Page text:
Hi Karen! How long smoothie will last depends on many factors. if it was properly dried, packed and stored, it can last years. There are several tips to ensure safe storage and to maximize the shelf life of your dried foods:
      – make sure your smoothie is completely dried;
      – pack it in an airtight containers ( better vaccum-sealed)
      – protect your dehydrated foods from heat, light, moisture and oxygen.

  2. [email protected] on January 1, 2018 at 8:13 am

    Hi there, I’ve made your mango, berry and choc smoothies and was wondering if you had any suggestions to making them sligthly sweeter? I know that doesn’t make themas healthy or nutrious, I just have a sweet tooth and get sick of oats constantly for breakfast and was hoping you could help.

    • Tanya Krezevska on January 3, 2018 at 2:03 pm

      To make it sweeter, you can add to the dry mixture stevia powder or you can also add a bit honey to the the rehydrated smoothie.

  3. Weasel on October 3, 2017 at 1:15 am

    Oooh, I want to try these. On my last PCT thru-hike attempt, I ended up drinking a carnation shake every morning with Nido and coffee powder. I’d love to shake it up with these 😀

    • Tanya Krezevska on October 3, 2017 at 8:38 am

      Thank you! I found that smoothies I’ve made from ready fruit powders rehydrate better and have silky texture. Homemade dehydrated are a bit gritty, but edible anyway 🙂

  4. Jerry Wright on November 17, 2016 at 4:30 pm

    Hey Tanya,

    Any chance getting these into the app? I don’t always have internet on the trail.

    • Tanya Krezevska on November 21, 2016 at 11:19 am

      Hi Jerry! You can add an info about all your favorite no-cook foods into Trail Chef app >> http://www.trail-chef.com

  5. Rick on May 31, 2016 at 6:28 pm

    The mango smoothie recipe is listed as weighing approx 40g and containing Carbs: 42.4g, Fat: 46.9g, Protein: 5.8g, There’s definitely a math error in there. Do you know the actual weight?

    • Tanya Krezevska on May 31, 2016 at 6:34 pm

      Hi,Rick! There no math errors. The nutritional info was calculated on fresh, non-dehydrated smoothie and it’s correct because it stays same as after dehydration. Weight shown in the recipe is for the dried, packed and ready-for-the trail meal.

      • Rick on June 1, 2016 at 4:35 pm

        That’s still not possible. Even with all the water removed, something that weighs 40g can not contain over 90g of carbs, fat, and protein!

        I’ll be making some of these today / tonight and see if I can come up with my own nutritional info.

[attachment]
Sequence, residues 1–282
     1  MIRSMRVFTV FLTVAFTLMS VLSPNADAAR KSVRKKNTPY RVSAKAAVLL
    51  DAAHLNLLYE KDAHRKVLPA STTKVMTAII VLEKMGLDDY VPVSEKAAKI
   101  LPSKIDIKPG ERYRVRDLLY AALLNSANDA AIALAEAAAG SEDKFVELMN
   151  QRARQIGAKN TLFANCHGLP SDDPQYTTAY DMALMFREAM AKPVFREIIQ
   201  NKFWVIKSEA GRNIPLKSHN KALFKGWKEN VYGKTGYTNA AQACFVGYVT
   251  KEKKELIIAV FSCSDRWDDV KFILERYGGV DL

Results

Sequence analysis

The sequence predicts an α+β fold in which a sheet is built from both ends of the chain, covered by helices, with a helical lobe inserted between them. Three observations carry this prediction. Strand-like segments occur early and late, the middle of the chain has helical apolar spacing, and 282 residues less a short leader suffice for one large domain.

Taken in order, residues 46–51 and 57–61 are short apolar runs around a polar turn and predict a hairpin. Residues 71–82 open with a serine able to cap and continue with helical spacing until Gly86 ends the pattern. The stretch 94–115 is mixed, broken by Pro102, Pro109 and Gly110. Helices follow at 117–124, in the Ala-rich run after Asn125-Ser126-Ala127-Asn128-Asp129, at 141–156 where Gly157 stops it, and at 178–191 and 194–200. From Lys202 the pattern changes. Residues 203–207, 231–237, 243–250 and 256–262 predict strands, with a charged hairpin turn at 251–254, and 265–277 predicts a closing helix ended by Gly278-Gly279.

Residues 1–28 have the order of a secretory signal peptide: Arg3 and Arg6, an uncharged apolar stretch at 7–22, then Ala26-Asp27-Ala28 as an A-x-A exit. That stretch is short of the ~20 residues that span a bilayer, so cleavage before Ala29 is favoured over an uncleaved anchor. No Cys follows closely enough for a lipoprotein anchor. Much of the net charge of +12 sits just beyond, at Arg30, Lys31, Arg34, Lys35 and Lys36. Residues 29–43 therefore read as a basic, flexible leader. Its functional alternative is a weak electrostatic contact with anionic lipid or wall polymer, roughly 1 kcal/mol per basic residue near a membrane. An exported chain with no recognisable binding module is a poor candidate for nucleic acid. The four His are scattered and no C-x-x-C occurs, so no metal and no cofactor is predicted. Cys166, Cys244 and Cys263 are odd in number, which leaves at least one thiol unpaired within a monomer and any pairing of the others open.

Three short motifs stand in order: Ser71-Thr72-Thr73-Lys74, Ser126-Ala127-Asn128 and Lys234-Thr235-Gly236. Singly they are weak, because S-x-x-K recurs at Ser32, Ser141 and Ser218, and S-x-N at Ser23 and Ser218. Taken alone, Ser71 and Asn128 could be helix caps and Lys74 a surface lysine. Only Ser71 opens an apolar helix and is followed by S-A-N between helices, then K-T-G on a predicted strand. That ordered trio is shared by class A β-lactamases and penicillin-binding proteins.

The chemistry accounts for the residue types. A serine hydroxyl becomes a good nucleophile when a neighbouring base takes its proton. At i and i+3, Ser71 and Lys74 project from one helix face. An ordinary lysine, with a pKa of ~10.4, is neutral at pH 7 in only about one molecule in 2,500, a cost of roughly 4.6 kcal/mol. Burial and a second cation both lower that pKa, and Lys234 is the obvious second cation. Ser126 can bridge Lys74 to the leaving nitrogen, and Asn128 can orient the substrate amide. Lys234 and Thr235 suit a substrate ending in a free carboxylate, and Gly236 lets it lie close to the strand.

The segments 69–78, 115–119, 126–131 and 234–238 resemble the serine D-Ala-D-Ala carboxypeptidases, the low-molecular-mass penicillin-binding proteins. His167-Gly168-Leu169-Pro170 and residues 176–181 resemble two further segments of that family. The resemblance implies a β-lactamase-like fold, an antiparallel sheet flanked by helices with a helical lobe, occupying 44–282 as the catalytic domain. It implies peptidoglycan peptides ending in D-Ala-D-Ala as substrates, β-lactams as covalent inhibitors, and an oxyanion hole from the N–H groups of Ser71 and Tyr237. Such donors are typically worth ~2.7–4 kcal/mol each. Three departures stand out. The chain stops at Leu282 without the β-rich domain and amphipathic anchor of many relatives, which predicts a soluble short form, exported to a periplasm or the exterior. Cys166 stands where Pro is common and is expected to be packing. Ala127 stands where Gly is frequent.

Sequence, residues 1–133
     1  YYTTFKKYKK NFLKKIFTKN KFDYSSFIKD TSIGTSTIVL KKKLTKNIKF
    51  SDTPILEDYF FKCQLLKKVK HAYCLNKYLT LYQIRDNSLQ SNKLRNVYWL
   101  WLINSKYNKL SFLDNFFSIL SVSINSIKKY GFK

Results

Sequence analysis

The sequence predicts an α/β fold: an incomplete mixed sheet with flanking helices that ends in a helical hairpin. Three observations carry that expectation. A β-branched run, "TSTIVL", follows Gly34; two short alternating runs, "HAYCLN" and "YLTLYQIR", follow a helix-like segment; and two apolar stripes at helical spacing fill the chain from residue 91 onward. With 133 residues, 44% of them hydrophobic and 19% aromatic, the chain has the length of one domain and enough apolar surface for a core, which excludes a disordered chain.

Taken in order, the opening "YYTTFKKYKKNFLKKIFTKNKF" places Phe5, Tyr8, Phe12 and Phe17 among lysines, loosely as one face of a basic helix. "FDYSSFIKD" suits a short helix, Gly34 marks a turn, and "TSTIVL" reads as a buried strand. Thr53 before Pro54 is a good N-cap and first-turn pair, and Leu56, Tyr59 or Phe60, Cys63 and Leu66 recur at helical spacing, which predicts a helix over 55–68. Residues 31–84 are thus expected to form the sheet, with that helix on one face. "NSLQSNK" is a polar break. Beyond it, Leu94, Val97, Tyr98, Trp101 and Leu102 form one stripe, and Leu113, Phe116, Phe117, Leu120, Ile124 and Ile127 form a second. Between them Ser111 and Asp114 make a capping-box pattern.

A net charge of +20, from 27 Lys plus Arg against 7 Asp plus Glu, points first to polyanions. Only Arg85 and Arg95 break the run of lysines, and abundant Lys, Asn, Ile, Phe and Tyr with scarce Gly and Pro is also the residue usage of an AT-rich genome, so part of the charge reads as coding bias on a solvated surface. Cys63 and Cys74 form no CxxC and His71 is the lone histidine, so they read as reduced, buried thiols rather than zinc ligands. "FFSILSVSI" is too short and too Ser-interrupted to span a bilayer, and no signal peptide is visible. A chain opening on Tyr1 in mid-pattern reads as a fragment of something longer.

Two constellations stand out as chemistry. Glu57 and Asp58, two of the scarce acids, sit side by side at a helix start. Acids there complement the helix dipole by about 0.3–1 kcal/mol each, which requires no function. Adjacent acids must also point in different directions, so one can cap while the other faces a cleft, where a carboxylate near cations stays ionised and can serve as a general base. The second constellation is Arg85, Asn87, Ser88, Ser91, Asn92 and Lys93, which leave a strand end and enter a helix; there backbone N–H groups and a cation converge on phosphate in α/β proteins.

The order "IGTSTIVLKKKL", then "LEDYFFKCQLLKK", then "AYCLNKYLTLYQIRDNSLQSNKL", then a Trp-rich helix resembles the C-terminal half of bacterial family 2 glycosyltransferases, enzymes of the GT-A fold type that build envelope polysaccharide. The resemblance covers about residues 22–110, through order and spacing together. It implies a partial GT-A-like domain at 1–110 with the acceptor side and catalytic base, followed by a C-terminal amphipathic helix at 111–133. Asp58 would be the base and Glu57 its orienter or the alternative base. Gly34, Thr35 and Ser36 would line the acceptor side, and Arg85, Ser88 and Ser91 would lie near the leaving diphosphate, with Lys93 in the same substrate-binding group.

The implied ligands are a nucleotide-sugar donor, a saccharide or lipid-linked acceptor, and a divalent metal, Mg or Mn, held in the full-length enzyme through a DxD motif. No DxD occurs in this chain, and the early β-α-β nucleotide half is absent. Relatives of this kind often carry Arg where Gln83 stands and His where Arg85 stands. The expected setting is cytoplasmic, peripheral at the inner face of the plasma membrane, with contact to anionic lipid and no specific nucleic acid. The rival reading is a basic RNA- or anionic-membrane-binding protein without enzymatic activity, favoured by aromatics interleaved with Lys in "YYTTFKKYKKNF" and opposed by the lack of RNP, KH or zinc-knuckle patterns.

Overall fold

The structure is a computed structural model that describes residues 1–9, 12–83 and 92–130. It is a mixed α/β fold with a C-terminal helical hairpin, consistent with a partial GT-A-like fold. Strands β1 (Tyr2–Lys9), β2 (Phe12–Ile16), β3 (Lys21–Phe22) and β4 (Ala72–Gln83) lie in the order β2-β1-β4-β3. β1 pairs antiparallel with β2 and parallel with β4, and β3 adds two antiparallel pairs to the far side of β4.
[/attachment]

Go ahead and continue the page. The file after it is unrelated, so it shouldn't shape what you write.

• Tanya Krezevska on June 1, 2016 at 4:43 pm

          Hi, Rick! As I mentioned before, the nutritional info was calculated on fresh or rehydrated smoothie which weights around 300g/10.50oz. You’ll not consume it dry, right? You can use Calorie Count Program to analyze recipe and check nutritional value: https://www.caloriecount.com/cc/account/index.php

          • Joel on January 29, 2019 at 2:08 am

            It doesn’t matter if it’s dry or fresh. The only thing lost in the dehydration process should be water. Leaving all the nutrients behind. Those nutrients dry should weigh the same as listed in there nutritional info because that’s how science works. Ricks right, your nutritional info is off



          • Tanya Krezevska on January 29, 2019 at 9:23 am

            Hi Joel! Absolutely agree that nutrition, weight stays more or less same after dehydration. But we spoke about product weight after dehydration. For hikers is quite important to know how many grams/ounces food will weight in their backpacks. After adding water to smoothie powder, youļl get a whole cup of food with nutrient weight exactly as shown in the recipe. Hope it’s clear now.



          • Isabelle on December 1, 2019 at 8:12 pm

            Indeed that doesn’t make any sense!



  6. Stefanie Schori on May 9, 2016 at 8:40 pm

    Is there a reason why you dehydrate it on such a low temperature? What happened if I dry it one level higher?
    Just getting started with my dehydrator…

    • Tanya Krezevska on May 9, 2016 at 9:56 pm

      Hi Stefanie! The reason I’ve used such a low temperature is my attempt to preserve vital nutrients as enzymes and vitamins. You can dry smoothie at 135F/57C.

  7. Alyssa on March 27, 2016 at 12:53 am

    Neat idea. I did not, however, have any luck with these rehydrating properly. They created more of a gritty juice, no matter how well I powdered the smoothie “bark”.